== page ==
Ricardo Salinas Pliego
Mexico
Ricardo Salinas Pliego
  • CEO, Grupo Salinas (Diversified)
Born Mexico City, Mexico, 1955. Bachelors, Accounting, Tecnológico de Monterrey (1977); MA, Tulane University (1979).
“Our proposal was to create a bank for the base of the pyramid; it was a bank that promoted social integration, providing access to the financial system to all of those who did not have access…”

Summary

Ricardo Salinas Pliego recounts the development and growth of Grupo Salinas, a diversified group involved in the television, telecommunications, and banking sectors. Driven by an interest in economic theory he inherited from his father, Pliego obtained a BA in accounting in 1977 and an MBA at Tulane University in 1979. After working briefly in the US, he returned to Mexico to help his father run the family business at Elektra. When the economy collapsed a year later in 1982, the runaway government of the authoritarian PRI (Institutional Revolutionary Party) took control and placed undue blame on the private business sector for rapid inflation. In the midst of the crisis, Pliego transitioned from his role as Head of Imports, to Commercial Director, to CEO when his father retired, all by age 32. In 1983 Elektra went bankrupt, and Pliego became heavily involved in its revival. The interview explores how he reduced the company’s dependence on credit and lowered operational expenses, and how this significantly boosted growth. Over the following 10 years Elektra grew from 50 stores to approximately 400 (and in 2013, there were nearly 6,000). Pliego explains how he later acquired Imevision (now Television Azteca), and founded a fee-free, inclusive bank for the “base of the pyramid” of society, a bank meant to help poor people access credit.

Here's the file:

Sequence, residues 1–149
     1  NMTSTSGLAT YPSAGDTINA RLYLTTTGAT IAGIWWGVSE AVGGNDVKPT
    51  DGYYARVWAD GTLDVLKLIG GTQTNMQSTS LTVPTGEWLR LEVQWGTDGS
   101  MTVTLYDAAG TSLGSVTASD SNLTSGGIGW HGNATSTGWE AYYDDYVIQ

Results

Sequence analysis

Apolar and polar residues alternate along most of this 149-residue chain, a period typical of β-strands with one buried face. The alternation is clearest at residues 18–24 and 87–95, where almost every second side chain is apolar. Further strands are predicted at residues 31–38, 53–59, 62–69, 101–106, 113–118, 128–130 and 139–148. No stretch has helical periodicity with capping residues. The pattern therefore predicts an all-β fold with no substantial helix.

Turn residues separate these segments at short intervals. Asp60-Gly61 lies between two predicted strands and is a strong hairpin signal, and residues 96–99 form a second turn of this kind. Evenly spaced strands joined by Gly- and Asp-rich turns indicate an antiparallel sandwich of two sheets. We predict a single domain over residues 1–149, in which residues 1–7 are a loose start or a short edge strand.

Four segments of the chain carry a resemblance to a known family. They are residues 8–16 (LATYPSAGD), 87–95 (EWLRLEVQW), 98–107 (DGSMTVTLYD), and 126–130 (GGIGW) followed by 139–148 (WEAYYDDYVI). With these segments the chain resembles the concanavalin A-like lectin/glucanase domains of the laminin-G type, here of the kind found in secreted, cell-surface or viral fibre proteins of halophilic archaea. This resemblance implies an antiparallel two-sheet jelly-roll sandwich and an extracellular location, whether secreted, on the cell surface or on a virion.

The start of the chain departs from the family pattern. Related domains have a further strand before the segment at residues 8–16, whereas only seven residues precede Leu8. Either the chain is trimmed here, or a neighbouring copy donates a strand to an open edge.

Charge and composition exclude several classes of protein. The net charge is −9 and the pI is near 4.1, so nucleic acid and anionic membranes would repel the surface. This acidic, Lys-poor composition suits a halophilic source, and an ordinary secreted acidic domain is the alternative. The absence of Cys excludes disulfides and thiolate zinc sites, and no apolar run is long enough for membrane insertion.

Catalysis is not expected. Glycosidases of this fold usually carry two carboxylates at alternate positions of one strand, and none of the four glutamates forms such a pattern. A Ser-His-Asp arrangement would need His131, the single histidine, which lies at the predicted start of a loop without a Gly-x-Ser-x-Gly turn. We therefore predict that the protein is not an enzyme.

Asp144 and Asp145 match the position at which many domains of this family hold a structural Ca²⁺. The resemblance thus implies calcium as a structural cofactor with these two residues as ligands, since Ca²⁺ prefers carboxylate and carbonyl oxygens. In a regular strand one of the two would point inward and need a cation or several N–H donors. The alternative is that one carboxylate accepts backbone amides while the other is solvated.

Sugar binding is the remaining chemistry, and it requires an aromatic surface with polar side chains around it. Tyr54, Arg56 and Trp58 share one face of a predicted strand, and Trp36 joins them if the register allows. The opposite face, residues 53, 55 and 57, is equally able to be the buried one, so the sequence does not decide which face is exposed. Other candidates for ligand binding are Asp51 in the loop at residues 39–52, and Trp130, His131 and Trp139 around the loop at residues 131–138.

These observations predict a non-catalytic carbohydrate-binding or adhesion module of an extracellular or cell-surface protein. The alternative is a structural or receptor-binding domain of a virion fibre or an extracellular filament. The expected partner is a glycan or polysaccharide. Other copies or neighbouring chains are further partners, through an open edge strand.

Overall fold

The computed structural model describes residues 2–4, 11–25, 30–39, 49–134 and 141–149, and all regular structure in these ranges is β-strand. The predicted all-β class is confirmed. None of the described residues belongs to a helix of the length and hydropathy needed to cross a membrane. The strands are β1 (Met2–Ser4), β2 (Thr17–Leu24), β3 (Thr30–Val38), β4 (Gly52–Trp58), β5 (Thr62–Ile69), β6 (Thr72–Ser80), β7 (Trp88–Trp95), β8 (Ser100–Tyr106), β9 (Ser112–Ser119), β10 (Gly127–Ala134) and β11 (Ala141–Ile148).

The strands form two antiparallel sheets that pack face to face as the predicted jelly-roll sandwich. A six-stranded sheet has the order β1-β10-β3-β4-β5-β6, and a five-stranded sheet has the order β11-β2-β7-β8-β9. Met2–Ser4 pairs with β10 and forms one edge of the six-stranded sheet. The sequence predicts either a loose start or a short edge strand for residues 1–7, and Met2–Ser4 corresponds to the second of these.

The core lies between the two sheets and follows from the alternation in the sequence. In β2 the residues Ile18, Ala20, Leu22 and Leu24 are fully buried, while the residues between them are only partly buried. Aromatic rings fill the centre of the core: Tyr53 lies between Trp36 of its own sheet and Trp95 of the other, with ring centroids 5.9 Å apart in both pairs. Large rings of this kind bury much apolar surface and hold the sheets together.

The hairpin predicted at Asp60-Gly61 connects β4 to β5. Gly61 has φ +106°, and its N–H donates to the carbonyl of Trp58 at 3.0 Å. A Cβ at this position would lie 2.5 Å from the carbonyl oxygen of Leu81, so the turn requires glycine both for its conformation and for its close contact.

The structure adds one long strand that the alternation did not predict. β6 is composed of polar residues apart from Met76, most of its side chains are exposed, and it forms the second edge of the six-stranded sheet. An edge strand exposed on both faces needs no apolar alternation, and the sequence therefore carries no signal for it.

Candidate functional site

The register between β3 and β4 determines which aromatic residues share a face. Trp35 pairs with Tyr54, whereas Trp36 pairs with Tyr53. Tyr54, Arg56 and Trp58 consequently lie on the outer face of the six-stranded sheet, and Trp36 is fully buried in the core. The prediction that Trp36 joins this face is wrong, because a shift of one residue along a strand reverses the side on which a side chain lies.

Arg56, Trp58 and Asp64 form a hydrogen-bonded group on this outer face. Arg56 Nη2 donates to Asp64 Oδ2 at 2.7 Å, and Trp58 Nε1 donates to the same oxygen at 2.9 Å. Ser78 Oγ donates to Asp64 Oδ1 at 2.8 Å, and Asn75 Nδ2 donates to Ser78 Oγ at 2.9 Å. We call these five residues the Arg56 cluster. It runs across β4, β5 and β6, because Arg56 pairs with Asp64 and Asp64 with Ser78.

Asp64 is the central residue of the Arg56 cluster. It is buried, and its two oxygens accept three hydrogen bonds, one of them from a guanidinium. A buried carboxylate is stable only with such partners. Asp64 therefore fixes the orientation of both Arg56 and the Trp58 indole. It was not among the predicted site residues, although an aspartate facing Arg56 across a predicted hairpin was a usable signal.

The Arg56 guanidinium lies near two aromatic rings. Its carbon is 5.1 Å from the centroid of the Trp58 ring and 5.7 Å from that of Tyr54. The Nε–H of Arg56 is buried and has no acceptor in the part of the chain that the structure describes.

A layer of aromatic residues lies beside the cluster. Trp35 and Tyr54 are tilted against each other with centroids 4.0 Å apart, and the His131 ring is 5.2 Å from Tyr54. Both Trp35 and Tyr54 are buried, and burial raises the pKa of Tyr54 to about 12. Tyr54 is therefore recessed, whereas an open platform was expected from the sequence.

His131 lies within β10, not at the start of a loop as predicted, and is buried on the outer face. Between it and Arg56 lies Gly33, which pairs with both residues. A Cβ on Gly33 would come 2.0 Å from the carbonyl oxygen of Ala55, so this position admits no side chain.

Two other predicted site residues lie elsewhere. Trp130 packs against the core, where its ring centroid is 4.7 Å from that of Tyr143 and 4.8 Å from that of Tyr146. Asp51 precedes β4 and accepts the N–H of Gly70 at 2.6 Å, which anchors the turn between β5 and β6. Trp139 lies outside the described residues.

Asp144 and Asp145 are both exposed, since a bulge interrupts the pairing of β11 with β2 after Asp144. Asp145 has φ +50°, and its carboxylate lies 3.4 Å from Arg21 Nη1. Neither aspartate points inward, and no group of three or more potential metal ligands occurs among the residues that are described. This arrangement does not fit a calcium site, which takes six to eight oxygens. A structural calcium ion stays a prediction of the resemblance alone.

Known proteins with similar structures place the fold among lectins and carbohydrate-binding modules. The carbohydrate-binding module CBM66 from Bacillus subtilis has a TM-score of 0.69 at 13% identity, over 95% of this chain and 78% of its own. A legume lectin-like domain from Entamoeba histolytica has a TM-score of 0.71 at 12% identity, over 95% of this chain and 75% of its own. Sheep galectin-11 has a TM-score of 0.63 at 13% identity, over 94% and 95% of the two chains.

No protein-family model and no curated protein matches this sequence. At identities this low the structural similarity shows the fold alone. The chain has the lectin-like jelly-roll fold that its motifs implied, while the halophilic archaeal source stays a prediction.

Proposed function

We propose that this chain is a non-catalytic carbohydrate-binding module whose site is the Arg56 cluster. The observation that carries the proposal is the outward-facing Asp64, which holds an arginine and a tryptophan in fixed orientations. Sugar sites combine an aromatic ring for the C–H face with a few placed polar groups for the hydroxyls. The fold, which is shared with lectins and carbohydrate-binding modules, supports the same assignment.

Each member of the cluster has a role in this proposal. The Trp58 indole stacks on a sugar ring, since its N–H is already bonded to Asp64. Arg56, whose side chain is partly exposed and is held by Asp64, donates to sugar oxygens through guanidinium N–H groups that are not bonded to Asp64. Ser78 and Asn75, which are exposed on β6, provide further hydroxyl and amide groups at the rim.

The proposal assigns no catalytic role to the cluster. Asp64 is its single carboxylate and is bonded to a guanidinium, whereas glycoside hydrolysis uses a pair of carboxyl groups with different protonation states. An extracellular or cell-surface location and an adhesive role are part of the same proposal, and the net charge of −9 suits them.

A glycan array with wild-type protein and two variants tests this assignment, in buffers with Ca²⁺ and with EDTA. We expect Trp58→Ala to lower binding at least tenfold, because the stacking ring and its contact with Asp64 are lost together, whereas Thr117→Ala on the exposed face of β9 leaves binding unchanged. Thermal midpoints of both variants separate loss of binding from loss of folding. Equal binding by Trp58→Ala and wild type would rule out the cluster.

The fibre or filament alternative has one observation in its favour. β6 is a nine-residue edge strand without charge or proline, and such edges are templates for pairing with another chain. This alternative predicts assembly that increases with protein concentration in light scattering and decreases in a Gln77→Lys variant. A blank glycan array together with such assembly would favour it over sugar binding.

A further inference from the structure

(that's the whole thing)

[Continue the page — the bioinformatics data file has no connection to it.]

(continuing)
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Ricardo Salinas Pliego recounts the development and growth of Grupo Salinas, a diversified group involved in the television, telecommunications, and banking sectors. Driven by an interest in economic theory he inherited from his father, Pliego obtained a BA in accounting in 1977 and an MBA at Tulane University in 1979. After working briefly in the US, he returned to Mexico to help his father run the family business at Elektra. When the economy collapsed a year later in 1982, the runaway government of the authoritarian PRI (Institutional Revolutionary Party) took control and placed undue blame on the private business sector for rapid inflation. In the midst of the crisis, Pliego transitioned from his role as Head of Imports, to Commercial Director, to CEO when his father retired, all by age 32. In 1983 Elektra went bankrupt, and Pliego became heavily involved in its revival. The interview explores how he reduced the company’s dependence on credit and lowered operational expenses, and how this significantly boosted growth. Over the following 10 years Elektra grew from 50 stores to approximately 400 (and in 2013, there were nearly 6,000). Pliego explains how he later acquired Imevision (now Television Azteca), and founded a fee-free, inclusive bank for the “base of the pyramid” of society, a bank meant to help poor people access credit.
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Additional Resources

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Interview Citation Format

"Interview with Ricardo Salinas Pliego, interviewed by Regina García Cuéllar, May 31, 2013, Creating Emerging Markets Project, Baker Library Historical Collections, Harvard Business School, http://www.hbs.edu/creating-emerging-markets/."